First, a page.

10 Incredible Coyote Facts

Written by Jennifer Gaeng
Published: July 1, 2022
Image Credit sumikophoto/Shutterstock.com
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Coyote Snarling
Coyote snarling

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The coyote is a wild canine that is closely related to both the North American wolf and fox. They are typically much smaller than a wolf and are usually closer in size to domesticated dogs. However, the way they carry themselves is remarkably similar to a fox. They range in color, and location and have a very wide spectrum of communication. These wild canines may be considered a threat to many, but they are especially important to our Earth and are incredibly fascinating. So, let’s learn more about them by uncovering 10 incredible coyote facts!

1. They Are Also Called Prairie Wolves

How and Where Do Coyotes Sleep - Coyote Resting
Although smaller than wolves in size, coyotes are often called prairie wolves.

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Although coyotes are much smaller than your average wolf, they are often referred to as prairie wolves. On average, an adult female coyote can weigh anywhere from 15-40 lbs. An adult male coyote can weigh anywhere from 18-44 lbs. Although they are closer to wolves than they are domesticated dog breeds, they are still relatively small in comparison. The average North American wolf can weigh up to 180 lbs. Coyotes may be smaller, but they are still amazingly fast and strong for their size!

2. They Have A Wide Variety In Their Diet

Coyotes use their sharp canines to tear into meat, but as omnivores they enjoy a varied diet.

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Because coyotes are primarily carnivores, they can also survive on an omnivorous diet. They eat a lot of rodents and other small animals that can otherwise be invasive. Apart from rodents, they also eat rabbits, birds, squirrels, fruit, grass, deer, and insects. Although they love these food sources, they also can be a nuisance to farm owners. This is mostly because they love eating livestock including chickens.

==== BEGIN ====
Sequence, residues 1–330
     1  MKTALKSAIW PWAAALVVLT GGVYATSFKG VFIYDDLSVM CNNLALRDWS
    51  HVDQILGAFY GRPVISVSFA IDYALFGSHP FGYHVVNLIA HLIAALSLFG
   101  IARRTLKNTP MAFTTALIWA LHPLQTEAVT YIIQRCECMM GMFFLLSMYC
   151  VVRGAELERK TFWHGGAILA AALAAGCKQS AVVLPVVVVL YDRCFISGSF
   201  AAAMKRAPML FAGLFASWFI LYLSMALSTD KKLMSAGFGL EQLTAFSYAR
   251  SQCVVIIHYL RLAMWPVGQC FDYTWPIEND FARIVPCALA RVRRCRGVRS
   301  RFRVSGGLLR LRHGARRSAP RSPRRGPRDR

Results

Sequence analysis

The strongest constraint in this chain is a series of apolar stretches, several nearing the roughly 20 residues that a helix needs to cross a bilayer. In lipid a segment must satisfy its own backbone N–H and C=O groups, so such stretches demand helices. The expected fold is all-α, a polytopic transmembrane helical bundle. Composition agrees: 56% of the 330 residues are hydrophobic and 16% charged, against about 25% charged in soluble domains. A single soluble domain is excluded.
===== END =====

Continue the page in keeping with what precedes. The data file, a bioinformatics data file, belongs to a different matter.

3. They Can Run Very Fast

Coyotes are incredibly fast and can run just over 40 mph. In fact, because they are smaller and hunt smaller prey, they can run a lot faster than most wolves. This incredible speed makes for an important chase when catching prey or traveling in packs. They run at an average of 35 mph. They use their fast sprinting in pursuit of fast-moving prey or to get away from nearby threats.

4. They Use Many Forms Of Communication

Coyotes have the same dental structure that most dogs have

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Coyotes have a broad dialect and can make about 11 different sounds as a way of communicating. They can growl as well as huff in defense, or even bark or howl to communicate long-distance. Coyotes tend to howl if there is a threat nearby and they want to alarm their pack. They whine and yelp as a form of submission, as well as perform group howls as a form of reconnection. When they are traveling in packs, they let out a series of synchronized cries as a form of traveling communication.

5. Coyotes Have 19 Different Subspecies

Do Coyotes Hunt in Packs
Do Coyotes Hunt in Packs

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Coyotes have 19 subspecies and their colors and sizes range because of this. Western coyotes are usually found in California and are lighter in color. However, Northwestern coyotes that dwell in Washington, Alaska, and Canada can be anywhere from deep brown, to gray, or red. Of the 19 subspecies, 6 of these are identified as Western coyotes. Eastern coyotes range from the Great Lakes to New York. Centrally located coyotes can range anywhere from the Midwest to Texas. They can also range in color, anywhere from gray to deep brown to red as well.